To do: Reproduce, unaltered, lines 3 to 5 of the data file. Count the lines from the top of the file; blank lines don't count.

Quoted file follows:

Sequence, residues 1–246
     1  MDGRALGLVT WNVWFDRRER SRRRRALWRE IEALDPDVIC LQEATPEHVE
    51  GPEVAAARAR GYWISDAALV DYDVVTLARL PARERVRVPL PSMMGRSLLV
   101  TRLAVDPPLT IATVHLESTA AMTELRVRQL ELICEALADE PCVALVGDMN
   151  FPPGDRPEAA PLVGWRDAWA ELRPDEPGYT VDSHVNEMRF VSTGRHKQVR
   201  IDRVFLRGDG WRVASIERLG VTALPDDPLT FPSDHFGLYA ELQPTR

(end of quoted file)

    51  GPEVAAARAR GYWISDAALV DYDVVTLARL PARERVRVPL PSMMGRSLLV
   101  TRLAVDPPLT IATVHLESTA AMTELRVRQL ELICEALADE PCVALVGDMN
   151  FPPGDRPEAA PLVGWRDAWA ELRPDEPGYT VDSHVNEMRF VSTGRHKQVR